The last is courtesy of a small note he and his father discover in the laundry room on move-in day advertising a spy club. He is met by the sweets-obsessed Candy, who has been scoping him out for her older brother, Safer, a home-schooled boy his own age who has a job exercising the building dogs. Safer also has an interest in keeping an eye on fellow tenant Mr. X, who always dresses in black and who, Safer says, is often seen removing heavy suitcases from the premises.

As things heat up at school and as Safer begins taking their surveillance a step further, Georges must learn, like his namesake Seurat’s paintings, how much weight to put on the small details to balance out the big picture in order to find your own personal truth.

Stead gets middle-schoolers — their interactions, their thoughts, and their fears. Georges is a real kid in a real place facing real problems, just at that tipping point between handling them as a child and handling them as an adult. Safer and his family are quirky but welcoming, helping Georges make the adjustment to a new environment smoother — and far more interesting — than it might otherwise have been.

If I did not love Liar & Spy in the same way I adored When You Reach Me, it is not to say that this latest novel is lacking in some way. In fact, for a book that clocks in under 200 pages, it fits in an awful lot (including several surprising plot twists) in a very thorough fashion. It is just that Stead’s first novel was so perfect that even a very good follow-up might seem a little pale in comparison.

Liar & Spy would make a good read for the sort of kid who likes a little mystery in their reading, but who doesn’t require a lot of flash. Those who like Jerry Spinnelli’s work, for instance, will be quite at home here. And readers who will one day love Sarah Dessen, David Leviathan, and John Green, but who aren’t yet ready for their more mature themes, will find kindred spirits in these pages. There’s no high-tech wizardry at work in this novel … just a reliance on quality storytelling.

Pages: 180

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September 4, 2012

weekending: the labor day edition
posted by soe 1:46 am

Amanda usually wraps up her weekend with a bulleted list and invites others to do the same. This week, with three days in our weekend hopper, I accept:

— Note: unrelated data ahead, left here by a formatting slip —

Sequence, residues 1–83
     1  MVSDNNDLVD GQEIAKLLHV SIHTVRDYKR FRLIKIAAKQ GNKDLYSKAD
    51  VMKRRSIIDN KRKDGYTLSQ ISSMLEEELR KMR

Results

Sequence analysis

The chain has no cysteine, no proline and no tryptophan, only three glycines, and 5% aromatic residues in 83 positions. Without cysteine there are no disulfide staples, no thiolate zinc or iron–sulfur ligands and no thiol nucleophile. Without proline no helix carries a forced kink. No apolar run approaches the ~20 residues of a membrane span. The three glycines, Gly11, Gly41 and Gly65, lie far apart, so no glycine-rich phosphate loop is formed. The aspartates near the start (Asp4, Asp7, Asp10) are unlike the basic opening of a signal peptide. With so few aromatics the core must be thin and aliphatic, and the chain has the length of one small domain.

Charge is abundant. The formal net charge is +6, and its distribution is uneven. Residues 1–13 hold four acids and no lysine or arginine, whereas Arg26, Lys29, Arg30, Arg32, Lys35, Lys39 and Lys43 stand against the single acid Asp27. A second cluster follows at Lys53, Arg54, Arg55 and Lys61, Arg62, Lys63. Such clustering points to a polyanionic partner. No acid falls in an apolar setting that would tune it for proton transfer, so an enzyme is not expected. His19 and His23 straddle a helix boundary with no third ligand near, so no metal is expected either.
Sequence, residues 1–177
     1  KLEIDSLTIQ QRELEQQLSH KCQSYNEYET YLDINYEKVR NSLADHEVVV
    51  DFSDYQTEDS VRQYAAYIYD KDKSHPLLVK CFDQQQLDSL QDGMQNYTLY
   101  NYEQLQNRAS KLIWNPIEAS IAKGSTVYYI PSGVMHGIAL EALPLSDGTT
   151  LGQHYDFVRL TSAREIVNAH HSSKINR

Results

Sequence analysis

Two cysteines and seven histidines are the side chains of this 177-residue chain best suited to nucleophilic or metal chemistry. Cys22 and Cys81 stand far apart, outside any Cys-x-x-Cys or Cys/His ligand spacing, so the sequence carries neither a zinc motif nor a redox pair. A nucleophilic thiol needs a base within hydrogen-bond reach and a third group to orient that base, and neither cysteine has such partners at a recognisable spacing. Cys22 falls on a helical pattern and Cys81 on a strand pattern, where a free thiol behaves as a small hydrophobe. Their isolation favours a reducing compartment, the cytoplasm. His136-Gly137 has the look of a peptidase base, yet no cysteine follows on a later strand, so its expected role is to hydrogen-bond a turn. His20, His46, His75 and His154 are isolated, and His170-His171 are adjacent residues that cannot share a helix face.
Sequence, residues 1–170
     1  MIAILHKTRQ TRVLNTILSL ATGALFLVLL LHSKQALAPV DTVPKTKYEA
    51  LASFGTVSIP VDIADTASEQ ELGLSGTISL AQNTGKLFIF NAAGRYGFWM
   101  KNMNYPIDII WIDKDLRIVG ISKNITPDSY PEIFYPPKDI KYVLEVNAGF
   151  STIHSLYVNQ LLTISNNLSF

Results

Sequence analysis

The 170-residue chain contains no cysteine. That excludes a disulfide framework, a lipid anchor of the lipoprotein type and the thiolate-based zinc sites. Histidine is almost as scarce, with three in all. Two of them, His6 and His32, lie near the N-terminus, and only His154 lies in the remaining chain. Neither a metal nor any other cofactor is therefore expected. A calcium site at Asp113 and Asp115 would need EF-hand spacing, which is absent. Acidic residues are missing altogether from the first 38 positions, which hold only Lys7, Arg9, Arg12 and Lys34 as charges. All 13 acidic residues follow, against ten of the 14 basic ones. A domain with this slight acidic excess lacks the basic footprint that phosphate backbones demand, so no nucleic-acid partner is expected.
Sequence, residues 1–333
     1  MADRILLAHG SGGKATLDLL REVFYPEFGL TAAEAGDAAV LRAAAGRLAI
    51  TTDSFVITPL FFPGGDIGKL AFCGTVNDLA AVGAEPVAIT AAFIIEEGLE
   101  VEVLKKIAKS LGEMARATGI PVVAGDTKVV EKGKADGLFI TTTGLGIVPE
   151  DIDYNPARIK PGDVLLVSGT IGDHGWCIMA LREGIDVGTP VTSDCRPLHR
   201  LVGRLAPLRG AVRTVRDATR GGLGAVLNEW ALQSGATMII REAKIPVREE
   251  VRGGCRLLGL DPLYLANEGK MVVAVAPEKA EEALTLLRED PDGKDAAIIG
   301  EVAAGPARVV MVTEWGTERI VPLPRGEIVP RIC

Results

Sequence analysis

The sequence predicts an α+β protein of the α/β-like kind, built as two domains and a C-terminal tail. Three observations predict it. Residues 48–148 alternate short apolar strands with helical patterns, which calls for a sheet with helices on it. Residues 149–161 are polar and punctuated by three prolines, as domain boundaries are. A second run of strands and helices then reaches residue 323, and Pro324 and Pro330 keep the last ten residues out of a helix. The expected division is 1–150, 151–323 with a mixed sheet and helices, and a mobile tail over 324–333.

• We begin the weekend with new life. Susan and Phillip have a healthy baby girl.
  • Our typical summer Friday evening picnic at the Yards. It starts in daylight with feet in the pool, chatting, and watching the jumbotron in the distance after the baseball game begins. It carries on into darkness, through our supper (complete with macarons courtesy of Sarah) and a blue moon.
  • Sleeping in.
  • Watering the garden. A tomato and a pepper to pick. Squash to mourn. The pool looks crowded, so I carry on to elsewhere.
  • Off to Georgetown. There’s a “new” pie place. Pricey, but tasty, with cupcake-shaped pies. Blueberry lemonade pie was excellent, as was coconut cream. Skip the lemonade itself.
  • I finish my book at the waterfront park. A toddler wonders why I’m crying.
  • Drama in the sky before me. Race the thunderstorm home. I win, although I admit to being nervous when I had to cross Rock Creek.
  • Homemade tomato soup with tomatoes we picked.
  • No berries left at the farmers market. Peaches are dwindling, as is the corn. Apples abound. I buy a fiery flower and paw paws.
  • Knitting on my Olympic Affection once again. I’m back to virgin wool!
  • A last swim at the pool for the season.
  • Baseball vs. the Cubs. The Nats win their 82nd game of the season, guaranteeing them their best season since moving to D.C. and a winning year.

Zimmerman Hit-To-Be

  • More importantly, it’s Cora’s first baseball game.

Charles, Jordi, and Cora

  • Homemade popsicles after a sweaty bike ride home from the ballpark.
  • Cooking out on the stoop. We grill veggie hot dogs, corn on the cob, a pepper (for Rudi), and a peach. The perfect end to the summer season.